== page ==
Other qualifications. Many employers consider personal qualities and skills more important than academic training. Employers seek applicants who have excellent interpersonal and communication skills, a strong work ethic, the ability to work in a team environment, and a desire to succeed. The ability to understand and analyze numbers is also important. Because securities, commodities, and financial services sales agents are entrusted with large sums of money and personal information, employers also make sure that applicants have a good credit history and a clean record. Self-confidence and the ability to handle frequent rejection are important ingredients for success.

Most firms prefer candidates with sales experience, particularly those who have worked on commission in areas such as real estate or insurance. Other firms prefer to hire workers right out of college, with the intention of molding them to their corporate image.

Certification and advancement. Although not always required, certifications enhance professional standing and are recommended by employers. Brokers, investment advisors, and financial services sales agents can earn the Chartered Financial Analyst (CFA) designation, sponsored by the CFA Institute. To qualify for this designation, applicants need a bachelor's degree, four years of related work experience, and must pass three exams which requires several hundred hours of self-study. Exams cover subjects in accounting, economics, securities analysis, financial markets and instruments, corporate finance, asset valuation, and portfolio management, and applicants can take the exams while they are obtaining the required work experience.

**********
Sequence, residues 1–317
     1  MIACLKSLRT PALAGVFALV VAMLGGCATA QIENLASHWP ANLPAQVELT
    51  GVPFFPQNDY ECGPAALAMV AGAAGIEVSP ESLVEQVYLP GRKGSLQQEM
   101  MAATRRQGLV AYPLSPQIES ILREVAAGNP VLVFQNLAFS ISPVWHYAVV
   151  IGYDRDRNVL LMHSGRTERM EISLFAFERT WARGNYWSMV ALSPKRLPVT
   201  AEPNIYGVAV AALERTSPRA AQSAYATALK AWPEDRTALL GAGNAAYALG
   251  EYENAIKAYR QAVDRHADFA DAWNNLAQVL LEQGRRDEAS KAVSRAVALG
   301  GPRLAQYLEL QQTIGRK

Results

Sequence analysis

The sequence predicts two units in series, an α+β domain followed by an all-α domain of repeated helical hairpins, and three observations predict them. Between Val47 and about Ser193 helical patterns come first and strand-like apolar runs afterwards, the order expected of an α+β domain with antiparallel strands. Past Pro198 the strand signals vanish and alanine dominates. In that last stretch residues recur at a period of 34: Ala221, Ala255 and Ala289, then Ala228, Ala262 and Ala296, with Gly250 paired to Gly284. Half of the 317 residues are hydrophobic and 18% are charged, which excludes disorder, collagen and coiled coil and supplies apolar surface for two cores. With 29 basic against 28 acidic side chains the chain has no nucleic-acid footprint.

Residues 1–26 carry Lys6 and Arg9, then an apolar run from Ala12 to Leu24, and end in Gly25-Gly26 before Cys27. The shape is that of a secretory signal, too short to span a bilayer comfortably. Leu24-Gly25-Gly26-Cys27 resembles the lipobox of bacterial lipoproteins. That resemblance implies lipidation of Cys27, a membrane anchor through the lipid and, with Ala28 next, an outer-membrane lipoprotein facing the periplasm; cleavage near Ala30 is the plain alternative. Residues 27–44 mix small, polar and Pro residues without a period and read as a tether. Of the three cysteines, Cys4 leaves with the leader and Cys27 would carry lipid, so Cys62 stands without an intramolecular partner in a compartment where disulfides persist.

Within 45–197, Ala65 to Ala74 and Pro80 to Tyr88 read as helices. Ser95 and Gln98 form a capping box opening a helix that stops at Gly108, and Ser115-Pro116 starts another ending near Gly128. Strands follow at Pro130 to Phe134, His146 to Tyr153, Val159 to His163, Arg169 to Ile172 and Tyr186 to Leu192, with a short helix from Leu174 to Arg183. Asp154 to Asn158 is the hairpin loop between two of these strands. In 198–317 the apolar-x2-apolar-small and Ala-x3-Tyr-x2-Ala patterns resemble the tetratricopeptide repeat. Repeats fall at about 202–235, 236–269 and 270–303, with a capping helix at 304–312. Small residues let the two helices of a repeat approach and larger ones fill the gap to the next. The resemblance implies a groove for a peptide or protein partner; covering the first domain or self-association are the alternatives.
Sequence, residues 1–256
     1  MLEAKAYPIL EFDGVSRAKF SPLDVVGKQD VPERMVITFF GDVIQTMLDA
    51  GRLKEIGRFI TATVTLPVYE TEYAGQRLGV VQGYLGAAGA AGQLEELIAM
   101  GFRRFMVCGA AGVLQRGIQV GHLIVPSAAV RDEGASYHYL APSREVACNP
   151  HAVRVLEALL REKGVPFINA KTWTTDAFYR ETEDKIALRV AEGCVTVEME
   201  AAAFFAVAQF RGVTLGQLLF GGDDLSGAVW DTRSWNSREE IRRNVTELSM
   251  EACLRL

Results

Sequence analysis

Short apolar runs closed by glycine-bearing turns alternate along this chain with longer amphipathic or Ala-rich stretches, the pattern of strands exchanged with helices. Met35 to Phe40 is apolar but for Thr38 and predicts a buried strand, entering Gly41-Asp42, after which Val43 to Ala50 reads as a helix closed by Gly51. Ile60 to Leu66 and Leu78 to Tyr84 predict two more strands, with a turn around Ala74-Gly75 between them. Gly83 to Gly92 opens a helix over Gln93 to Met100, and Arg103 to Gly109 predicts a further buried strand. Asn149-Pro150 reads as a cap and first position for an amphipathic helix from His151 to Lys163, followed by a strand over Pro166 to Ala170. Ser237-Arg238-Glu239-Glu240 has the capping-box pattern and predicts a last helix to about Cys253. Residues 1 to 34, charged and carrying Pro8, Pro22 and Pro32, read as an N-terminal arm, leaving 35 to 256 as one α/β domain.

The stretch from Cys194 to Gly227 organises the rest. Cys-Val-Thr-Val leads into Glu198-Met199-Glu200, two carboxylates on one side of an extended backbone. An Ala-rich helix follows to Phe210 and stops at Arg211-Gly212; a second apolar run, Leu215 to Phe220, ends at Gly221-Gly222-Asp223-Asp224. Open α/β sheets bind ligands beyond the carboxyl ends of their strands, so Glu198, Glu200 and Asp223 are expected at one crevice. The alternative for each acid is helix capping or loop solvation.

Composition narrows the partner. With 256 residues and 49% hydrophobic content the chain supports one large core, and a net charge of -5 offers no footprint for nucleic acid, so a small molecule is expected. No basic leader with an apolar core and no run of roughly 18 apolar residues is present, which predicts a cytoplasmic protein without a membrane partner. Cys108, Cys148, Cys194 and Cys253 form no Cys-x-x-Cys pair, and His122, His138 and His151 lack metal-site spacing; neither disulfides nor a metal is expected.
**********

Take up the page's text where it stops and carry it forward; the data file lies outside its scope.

Brokers, investment advisors, and financial services sales agents usually advance by accumulating a greater number of accounts. Although beginners often service the accounts of individual investors, they may eventually handle very large institutional accounts, such as those of banks and pension funds. After taking a series of tests, some brokers become portfolio managers and have greater authority to make investment decisions regarding an account. Some experienced sales agents become branch office managers and supervise other sales agents while continuing to provide services for their own customers. A few agents advance to top management positions or become partners in their firms.